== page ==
March 28, 2013
Governor Mark Dayton proposed an increase in state water fees. Here are some of the highlights:
- The proposal would raise millions of dollars for the Minnesota Department of Natural Resources (DNR).
- The increase, if passed by the Legislature, would more than double the amount generated by permit fees – from $5 million annually to nearly $11.8 million annually.
- The DNR would use the funds to study water levels of local underground aquifers.
- The price increase will be in the form of Permit Fees – aimed at the heavy users: Municipalities, Farmers and Industry.
- Homeowners will only see an increase of approximately $1 annually, while an average farm would see an increase from $140 – $500 per year, according to state estimates.
- The increase in funds would allow state hydrogeologists to place additional monitors to track underground water levels.
Source: Minneapolis Star Tribune, March 28, 2013, Brad Schrade
An interesting article was published in the StarTribune on Sunday, February 24th, 2013 entitled “Minnesota Draining Its Supplies of Water”. Here are the highlights:
- Many regions in the state have reached the point where people are using water — and then sending it downstream — faster than the rain and snow can replenish it.
- Last year, Minnesotans used a record amount of water.
- Now state regulators, who have never said no to a water permit, for the first time are planning to experiment with more stringent rules that will require some local communities to allocate scarce water.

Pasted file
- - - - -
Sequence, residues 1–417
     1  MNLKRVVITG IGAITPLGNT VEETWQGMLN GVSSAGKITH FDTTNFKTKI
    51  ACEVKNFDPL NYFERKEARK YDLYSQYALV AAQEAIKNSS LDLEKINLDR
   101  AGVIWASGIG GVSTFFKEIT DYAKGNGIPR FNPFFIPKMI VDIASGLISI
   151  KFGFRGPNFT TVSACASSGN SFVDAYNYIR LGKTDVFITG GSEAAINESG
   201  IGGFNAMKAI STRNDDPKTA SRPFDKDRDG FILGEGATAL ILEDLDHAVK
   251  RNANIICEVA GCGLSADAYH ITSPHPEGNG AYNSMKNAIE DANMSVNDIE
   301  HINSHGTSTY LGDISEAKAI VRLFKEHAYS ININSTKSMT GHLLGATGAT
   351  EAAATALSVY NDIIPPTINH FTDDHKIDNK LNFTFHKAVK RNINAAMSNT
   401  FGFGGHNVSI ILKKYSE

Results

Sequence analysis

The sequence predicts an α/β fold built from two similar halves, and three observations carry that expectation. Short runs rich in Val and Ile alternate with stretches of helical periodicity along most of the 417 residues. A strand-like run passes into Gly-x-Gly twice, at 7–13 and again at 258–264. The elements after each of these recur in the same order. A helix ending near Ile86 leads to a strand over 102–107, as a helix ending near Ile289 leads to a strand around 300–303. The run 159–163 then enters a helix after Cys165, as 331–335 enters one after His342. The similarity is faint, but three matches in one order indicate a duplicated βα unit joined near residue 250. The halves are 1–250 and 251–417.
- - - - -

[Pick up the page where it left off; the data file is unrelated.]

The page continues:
- In Minnesota, how the rain falls and the snow melts is crucial because virtually all the state’s water comes from the sky.
- .“We are not running out of water,” said Jim Stark, head of the Minnesota office of the U.S. Geological Survey. “But we are depleting it.” “We move it downstream, we don’t recycle it.”
- The most visible example is White Bear Lake. Since 1980, nearby communities have more than doubled the volume of water they pump from the Prairie du Chien aquifer they share with the lake, primarily because of higher residential demand. Now, the lake drops even during wet periods
- Soon, the problem could spread beyond White Bear Lake. If the Twin Cities metro area grows by half a million people over the next two decades, at current rates of water use, whole sections of the Twin Cities’ aquifers will drop by half, even with normal rainfall, hydrologists say.
- In 2010, only 2 to 3 percent of the state’s cropland was irrigated, but that alone used 29 percent of water pumped out of Minnesota’s ground that year. But in 2012, the state received nearly 200 irrigation permit requests, with another 200 expected this year — two to three times the norm, DNR officials said.
- DNR water officials say it’s time for local communities to start making decisions on water, rather than the state, because the current rates of use are not sustainable.
- “If you fail to make a choice, then at some point the aquifer will do that for you,” said Jason Moeckel, a water manager for the DNR.
- Author of the article: Josephine Marcotty • 612-673-7394 email@example.com
Conserva Irrigation educates commercial property managers, HOA boards, and residential homeowners about reducing their landscape water use and performs audits to expose inefficiencies in their systems. Additionally, Conserva constructs a plan to retro-fit their system – both through the use of smart controllers with on-site weather stations and updating the inefficient in-ground components. Many of Conserva Irrigation’s clients experience a 30 – 60% reduction of water usage.
Imagine how much more healthy the aquifer levels would be if the 46,000,000 residential and 18,000,000 commercial irrigation systems across the U.S. used 30 – 60% less water to irrigate the landscape.